FROM THE DESK OF Mark Petro
I always look forward to August.
Shorter days, and milder weather are just around the corner. College football players return to their respective campuses. The local newspapers will get us excited with an increase in the number of articles written about fall football practices. We will be reading these articles attentively to gauge how good we think our favorite football team will be or how bad our rival team (hopefully) will be. We’ll try to read between the lines when we listen to the head coach speak to try to determine who will be starting at the different positions, especially at quarterback. Wow! I am getting excited just thinking about it! I guess you can tell I love college football — even though, growing up, I was too skinny to play the sport. This August will be different at my house. My wife and I will be “empty nesters” for the first time. My oldest child, Carlee, has graduated from college and has just moved into an apartment, and my youngest child, Allee, is enrolling at Ole Miss this month as a freshman. I remember my parents often saying how time flies, and now I can truly say I understand what they meant.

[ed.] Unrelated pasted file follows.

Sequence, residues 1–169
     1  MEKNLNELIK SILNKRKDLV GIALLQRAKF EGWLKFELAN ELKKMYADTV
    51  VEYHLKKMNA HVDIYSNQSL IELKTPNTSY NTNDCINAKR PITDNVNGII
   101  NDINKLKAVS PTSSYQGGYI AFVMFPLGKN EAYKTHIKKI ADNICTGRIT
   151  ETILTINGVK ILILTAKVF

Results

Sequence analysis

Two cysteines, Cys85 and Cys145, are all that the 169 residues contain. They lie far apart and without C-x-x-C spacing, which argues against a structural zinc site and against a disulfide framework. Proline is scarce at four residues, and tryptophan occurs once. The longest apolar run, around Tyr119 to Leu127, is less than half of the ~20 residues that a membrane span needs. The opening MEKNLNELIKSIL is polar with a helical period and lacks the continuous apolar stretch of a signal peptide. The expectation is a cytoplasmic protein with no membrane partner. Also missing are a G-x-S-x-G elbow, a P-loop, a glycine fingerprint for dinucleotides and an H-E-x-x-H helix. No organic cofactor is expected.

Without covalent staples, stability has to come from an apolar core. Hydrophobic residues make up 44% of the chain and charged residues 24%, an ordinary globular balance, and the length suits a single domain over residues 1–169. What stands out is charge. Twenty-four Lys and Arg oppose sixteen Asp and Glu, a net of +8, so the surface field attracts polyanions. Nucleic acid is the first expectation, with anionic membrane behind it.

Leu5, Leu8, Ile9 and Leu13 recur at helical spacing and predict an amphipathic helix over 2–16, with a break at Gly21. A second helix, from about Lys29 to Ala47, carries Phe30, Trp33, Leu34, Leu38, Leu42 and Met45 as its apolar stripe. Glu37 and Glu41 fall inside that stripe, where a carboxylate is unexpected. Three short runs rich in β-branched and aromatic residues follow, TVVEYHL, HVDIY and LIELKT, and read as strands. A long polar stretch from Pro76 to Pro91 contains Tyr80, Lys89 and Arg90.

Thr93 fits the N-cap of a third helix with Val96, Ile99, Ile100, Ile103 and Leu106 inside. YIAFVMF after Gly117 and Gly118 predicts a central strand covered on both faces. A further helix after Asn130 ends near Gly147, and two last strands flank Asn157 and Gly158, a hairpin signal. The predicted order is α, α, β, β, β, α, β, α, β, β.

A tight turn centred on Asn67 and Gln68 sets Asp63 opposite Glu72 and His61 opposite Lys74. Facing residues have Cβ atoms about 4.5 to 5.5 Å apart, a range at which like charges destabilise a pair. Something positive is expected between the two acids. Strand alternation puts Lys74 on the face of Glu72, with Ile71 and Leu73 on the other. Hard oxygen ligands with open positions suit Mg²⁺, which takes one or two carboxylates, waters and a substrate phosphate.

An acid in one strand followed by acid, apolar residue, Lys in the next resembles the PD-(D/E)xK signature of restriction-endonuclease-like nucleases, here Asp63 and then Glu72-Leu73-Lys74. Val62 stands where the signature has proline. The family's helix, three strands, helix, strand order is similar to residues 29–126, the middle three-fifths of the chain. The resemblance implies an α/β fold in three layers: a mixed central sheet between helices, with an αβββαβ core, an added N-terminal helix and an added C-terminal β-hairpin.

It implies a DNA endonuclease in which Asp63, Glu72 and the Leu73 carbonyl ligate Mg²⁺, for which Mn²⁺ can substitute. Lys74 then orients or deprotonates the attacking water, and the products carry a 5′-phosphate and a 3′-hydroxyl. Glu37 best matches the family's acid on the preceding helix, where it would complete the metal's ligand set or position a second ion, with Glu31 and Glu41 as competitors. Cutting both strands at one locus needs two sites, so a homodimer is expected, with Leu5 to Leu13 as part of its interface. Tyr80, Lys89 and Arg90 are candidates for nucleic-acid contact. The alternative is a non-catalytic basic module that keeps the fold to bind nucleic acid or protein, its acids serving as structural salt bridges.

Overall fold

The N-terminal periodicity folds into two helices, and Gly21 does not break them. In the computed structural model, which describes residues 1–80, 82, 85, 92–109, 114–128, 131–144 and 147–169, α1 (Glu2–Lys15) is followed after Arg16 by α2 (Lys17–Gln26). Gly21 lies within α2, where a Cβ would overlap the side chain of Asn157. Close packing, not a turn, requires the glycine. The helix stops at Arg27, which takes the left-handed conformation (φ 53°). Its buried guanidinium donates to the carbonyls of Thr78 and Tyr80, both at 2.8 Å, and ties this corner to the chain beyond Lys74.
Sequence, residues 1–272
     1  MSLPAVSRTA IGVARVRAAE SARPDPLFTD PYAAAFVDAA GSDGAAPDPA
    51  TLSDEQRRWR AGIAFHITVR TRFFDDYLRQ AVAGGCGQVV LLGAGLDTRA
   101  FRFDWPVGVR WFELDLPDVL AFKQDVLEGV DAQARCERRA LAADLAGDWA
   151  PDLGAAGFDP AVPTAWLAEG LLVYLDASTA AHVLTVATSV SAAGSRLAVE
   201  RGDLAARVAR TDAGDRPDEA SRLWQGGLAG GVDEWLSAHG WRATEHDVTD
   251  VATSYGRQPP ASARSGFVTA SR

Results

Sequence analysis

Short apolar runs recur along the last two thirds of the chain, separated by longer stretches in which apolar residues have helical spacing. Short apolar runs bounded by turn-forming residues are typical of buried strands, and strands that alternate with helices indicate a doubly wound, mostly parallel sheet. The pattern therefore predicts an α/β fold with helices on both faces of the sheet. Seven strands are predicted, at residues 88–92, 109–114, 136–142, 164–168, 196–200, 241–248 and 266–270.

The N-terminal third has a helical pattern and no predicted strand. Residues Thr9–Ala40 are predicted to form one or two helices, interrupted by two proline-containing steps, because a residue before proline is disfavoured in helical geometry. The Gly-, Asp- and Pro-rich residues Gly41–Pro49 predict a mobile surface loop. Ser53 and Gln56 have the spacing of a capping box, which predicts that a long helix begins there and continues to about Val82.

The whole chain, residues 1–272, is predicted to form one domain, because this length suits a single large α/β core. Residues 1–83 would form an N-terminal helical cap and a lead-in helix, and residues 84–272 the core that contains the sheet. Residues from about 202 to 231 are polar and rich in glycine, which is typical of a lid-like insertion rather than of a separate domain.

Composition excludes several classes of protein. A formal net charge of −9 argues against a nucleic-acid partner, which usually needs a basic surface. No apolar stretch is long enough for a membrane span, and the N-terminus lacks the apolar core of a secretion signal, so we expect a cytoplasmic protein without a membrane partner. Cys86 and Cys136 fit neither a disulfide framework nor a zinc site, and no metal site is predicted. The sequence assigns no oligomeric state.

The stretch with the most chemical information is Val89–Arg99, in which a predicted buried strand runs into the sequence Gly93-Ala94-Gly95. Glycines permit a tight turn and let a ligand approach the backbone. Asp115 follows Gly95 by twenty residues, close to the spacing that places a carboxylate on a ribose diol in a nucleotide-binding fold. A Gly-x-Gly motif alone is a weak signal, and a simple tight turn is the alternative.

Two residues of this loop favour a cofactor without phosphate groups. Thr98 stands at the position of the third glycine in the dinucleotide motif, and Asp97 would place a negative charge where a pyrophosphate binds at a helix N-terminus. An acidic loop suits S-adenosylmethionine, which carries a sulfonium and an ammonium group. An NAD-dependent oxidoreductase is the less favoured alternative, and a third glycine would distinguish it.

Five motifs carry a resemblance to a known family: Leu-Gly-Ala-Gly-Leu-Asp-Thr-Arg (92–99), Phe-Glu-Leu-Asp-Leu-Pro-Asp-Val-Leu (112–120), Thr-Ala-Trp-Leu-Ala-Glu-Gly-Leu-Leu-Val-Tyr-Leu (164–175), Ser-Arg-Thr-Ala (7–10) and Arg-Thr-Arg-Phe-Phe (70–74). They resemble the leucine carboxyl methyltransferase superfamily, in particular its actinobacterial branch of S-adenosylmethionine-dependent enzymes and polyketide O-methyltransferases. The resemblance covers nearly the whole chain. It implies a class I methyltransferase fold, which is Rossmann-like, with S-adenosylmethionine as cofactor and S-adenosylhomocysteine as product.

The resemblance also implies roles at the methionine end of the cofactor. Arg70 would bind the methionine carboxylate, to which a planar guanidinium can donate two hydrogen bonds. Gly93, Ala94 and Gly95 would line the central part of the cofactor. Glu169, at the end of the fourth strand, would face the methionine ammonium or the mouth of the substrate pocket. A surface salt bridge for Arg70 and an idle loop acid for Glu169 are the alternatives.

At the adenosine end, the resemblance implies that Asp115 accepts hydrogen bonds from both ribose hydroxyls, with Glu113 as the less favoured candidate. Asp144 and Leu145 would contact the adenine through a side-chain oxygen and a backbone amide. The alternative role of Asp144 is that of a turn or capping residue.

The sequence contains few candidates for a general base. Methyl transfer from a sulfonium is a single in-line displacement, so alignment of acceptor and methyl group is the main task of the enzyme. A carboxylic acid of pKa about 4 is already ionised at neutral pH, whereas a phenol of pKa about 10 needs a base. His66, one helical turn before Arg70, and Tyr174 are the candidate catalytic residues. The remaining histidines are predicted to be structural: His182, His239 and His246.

Anxiety, concern, conflict — parents and teens agree that digital devices are a source of all three of these, according to a study from the USC Annenberg School for Communication and Journalism. The comprehensive study compared digital device usage in the United States and Japan and how they have an impact on family relationships in both countries. “The patterns of daily life have been forever altered by the ubiquity of digital devices,” says Willow Bay, co-author of the study and dean of USC Annenberg College. “Clearly, our always-on media environment is presenting challenges.” So why do we still have these devices on us at all times, and how can we use them more responsibly? USC Annenberg’s study demonstrates that technology isn’t going away any time soon, and learning how to manage its usage is critical. Here are some tips that both parents and teens can learn from. BE THE EXAMPLE The study gave interesting insight into how we perceive our kids’ technology usage and how they perceive ours. It found that most parents think their teens are addicted to their mobile devices. Most parents also felt addicted themselves. Their teens are aware of this — 1 in 3 teens also believes their parents are addicted. Your kids learn from how you spend your time. As the parent, you are the No. 1 example your child has for any behavior. If they see you looking at your phone most of the time they’re with you, they’ll likely start to do the same. HOWTOBALANCE TECHNOLOGY USE INYOUR FAMILY Manage YourDevices; Don’t Let ThemManage You
Have a great August!
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